Canada’s poor seniors targeted by Tory OAP cutbacks, CARP says

Seniors' advocacy group CARP vice-president Susan Eng (left) with president and MuchMusic founder Moses Znaimer (fourth from left). Photo: CARP website.

Canada's advocacy group for seniors is crying foul after another Conservative government announcement on old age pensions yesterday revealed... nothing new at all.
 
During a highly anticipated pensions speech yesterday, Human Resources Minister Diane Finley added her weight to an increasingly cloudy debate on changes to Canada's Old Age Security (OAS) system, the latest since Prime Minister Stephen Harper boasted of coming reforms to stave off costs in Davos, Switzerland several weeks ago.

 
“They are manufacturing a crisis,” said Susan Eng, advocacy vice president of CARP: A New Vision of Aging, in an extensive interview with the Vancouver Observer. “I am disappointed they would treat an important issue like this.
 
“There's absolutely no need for them to do it this way... reciting the same basic talking points which have not been accepted by people. Because the government has not given any real details, everybody is guessing. Our members and others like them are fearing the worst.”
 
CARP (formerly the Canadian Association of Retired Persons) has launched a “Hands Off OAS” campaign, and said that cuts to pensions – speculated to include extending the retirement age from 65 to 67 – will hurt the poorest Canadians, many of whom are seniors. According to CARP, 250,000 seniors fall into the low-income rate.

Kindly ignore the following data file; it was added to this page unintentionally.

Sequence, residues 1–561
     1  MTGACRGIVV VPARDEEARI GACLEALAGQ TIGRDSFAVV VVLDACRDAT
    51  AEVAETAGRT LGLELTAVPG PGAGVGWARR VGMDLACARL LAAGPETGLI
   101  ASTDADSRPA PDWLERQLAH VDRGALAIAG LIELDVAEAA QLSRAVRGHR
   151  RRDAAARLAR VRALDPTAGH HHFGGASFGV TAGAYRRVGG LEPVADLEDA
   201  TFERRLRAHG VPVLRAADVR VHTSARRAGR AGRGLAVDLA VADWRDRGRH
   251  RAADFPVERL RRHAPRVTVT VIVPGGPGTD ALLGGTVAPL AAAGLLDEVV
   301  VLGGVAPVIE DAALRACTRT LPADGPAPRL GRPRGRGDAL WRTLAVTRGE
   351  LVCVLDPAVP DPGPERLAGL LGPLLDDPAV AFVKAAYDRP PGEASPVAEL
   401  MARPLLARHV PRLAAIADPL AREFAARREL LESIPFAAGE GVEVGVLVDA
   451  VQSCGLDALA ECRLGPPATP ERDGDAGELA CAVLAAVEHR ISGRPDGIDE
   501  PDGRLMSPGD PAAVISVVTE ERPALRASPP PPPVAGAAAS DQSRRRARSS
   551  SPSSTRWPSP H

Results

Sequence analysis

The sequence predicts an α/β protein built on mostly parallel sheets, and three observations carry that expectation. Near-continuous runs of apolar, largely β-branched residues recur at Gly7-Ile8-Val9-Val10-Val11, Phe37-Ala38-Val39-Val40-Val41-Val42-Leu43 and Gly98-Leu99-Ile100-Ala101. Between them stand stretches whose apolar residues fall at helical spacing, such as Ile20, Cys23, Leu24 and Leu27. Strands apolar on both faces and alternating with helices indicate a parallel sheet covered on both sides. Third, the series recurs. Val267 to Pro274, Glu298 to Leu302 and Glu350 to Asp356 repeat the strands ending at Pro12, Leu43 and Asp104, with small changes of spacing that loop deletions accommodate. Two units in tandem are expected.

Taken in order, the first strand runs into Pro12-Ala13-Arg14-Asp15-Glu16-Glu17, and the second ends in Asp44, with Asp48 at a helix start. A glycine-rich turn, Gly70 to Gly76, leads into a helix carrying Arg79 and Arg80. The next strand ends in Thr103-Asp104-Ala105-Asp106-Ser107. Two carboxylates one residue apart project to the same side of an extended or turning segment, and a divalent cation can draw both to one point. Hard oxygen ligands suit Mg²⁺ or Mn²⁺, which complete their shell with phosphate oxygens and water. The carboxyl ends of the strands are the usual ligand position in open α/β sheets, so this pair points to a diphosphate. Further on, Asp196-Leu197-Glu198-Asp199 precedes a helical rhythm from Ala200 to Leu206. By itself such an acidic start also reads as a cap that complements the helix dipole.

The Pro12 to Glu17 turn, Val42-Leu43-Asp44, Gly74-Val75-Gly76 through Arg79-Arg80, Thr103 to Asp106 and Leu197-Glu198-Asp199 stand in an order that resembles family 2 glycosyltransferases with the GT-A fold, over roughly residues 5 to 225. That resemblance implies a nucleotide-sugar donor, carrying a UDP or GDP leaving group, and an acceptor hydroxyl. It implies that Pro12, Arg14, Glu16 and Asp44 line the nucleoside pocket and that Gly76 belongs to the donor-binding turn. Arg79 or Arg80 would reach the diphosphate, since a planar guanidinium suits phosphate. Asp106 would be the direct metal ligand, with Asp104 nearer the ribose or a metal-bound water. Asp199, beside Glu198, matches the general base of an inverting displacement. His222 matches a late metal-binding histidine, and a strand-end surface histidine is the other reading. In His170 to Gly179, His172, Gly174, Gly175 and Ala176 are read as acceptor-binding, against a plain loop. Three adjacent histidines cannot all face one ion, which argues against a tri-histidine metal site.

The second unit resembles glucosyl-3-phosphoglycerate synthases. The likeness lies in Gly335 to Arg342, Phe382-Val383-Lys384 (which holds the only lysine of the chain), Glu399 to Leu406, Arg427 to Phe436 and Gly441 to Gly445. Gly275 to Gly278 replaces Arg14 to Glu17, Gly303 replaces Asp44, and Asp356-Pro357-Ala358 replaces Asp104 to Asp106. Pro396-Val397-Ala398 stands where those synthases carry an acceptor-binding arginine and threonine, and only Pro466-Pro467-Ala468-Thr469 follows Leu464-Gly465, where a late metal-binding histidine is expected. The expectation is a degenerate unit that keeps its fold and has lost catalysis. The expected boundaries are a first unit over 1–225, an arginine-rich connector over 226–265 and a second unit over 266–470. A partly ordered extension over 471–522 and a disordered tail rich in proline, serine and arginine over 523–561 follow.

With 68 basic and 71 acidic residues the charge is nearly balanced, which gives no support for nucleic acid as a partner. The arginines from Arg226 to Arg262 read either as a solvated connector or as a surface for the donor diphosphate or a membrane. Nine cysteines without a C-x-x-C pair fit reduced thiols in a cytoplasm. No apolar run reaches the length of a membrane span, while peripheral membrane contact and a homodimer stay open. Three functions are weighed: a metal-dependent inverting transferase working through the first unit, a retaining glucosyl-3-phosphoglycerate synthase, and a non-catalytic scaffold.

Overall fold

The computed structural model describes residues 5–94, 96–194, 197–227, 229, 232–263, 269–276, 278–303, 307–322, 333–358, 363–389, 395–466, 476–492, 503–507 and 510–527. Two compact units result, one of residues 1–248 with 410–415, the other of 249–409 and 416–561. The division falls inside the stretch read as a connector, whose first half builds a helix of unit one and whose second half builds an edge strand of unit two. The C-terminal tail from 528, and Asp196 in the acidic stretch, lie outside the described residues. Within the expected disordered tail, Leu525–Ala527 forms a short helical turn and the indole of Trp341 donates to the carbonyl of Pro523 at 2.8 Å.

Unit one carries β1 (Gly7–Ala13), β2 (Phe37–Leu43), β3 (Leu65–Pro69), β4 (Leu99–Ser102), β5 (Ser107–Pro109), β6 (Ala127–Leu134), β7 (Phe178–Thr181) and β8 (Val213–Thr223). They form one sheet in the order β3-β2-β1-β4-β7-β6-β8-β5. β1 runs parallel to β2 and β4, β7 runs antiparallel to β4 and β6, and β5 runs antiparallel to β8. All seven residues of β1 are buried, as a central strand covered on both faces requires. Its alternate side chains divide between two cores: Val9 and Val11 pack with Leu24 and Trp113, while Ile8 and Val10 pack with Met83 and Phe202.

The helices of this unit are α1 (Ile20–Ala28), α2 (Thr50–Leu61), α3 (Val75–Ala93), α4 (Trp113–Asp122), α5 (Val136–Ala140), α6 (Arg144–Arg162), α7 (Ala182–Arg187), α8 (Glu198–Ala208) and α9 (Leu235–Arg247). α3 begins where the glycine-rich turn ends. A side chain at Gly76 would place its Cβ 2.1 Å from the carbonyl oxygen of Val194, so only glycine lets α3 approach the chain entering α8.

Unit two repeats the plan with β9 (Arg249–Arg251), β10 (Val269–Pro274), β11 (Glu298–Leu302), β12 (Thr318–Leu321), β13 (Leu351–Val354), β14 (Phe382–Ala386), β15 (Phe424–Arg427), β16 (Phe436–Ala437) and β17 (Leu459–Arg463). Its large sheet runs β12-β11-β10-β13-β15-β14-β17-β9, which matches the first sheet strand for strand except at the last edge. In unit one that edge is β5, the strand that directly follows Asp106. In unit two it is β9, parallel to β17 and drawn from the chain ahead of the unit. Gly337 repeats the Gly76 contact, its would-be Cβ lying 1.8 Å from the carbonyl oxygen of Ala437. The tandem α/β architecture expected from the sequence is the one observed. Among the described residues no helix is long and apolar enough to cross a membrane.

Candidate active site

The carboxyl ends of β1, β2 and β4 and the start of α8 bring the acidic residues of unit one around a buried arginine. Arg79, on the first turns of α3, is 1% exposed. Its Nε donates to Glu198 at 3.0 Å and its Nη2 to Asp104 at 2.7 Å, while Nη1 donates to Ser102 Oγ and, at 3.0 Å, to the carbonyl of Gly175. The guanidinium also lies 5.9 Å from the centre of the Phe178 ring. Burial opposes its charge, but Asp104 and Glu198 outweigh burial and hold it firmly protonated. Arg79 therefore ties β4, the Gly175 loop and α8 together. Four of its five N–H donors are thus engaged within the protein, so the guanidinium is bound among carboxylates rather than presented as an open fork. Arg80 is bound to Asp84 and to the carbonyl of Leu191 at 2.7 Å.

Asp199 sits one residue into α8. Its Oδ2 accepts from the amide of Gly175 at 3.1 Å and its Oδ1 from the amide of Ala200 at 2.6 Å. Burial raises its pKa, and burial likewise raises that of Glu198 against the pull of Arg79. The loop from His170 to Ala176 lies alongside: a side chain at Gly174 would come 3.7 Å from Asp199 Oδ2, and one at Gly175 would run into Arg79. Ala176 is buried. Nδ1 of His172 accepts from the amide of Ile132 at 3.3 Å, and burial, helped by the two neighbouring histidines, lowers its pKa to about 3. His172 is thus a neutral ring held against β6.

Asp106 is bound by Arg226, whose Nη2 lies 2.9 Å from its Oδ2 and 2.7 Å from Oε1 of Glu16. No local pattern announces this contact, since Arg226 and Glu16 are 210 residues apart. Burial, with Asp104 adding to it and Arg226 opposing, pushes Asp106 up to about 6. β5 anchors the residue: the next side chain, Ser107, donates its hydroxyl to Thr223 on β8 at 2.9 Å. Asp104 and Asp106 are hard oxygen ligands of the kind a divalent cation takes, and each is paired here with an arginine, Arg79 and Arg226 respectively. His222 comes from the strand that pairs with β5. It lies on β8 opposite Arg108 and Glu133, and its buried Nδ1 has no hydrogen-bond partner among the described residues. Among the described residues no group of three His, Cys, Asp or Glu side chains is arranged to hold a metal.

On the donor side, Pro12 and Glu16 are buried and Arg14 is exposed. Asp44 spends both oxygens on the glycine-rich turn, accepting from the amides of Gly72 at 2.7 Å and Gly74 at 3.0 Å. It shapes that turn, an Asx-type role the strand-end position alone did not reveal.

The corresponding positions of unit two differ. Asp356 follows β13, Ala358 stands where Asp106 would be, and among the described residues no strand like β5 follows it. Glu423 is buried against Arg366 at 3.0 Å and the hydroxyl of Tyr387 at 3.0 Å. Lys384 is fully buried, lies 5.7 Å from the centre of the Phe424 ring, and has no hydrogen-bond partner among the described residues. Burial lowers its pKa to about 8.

The latest salvo in the pensions controversy came after Finley defended her government's as-yet undefined pension reform – namely, a coming wave of retiring Baby Boomers, demographic shifts, and escalating costs to the system – at a major speech Tuesday before the Canadian Club in Toronto.

Seniors outraged over erosion of safety net 
Implicitly addressing critics like CARP and the New Democratic Party (NDP), Finley insisted that pension reform “is not a crisis we invented” – but the bulk of her speech seemed aimed at younger Canadians, not current retirees who the government said will be unaffected.

The government has asserted that OAS costs will skyrocket from today's $36 billion to $108 billion by 2030. 

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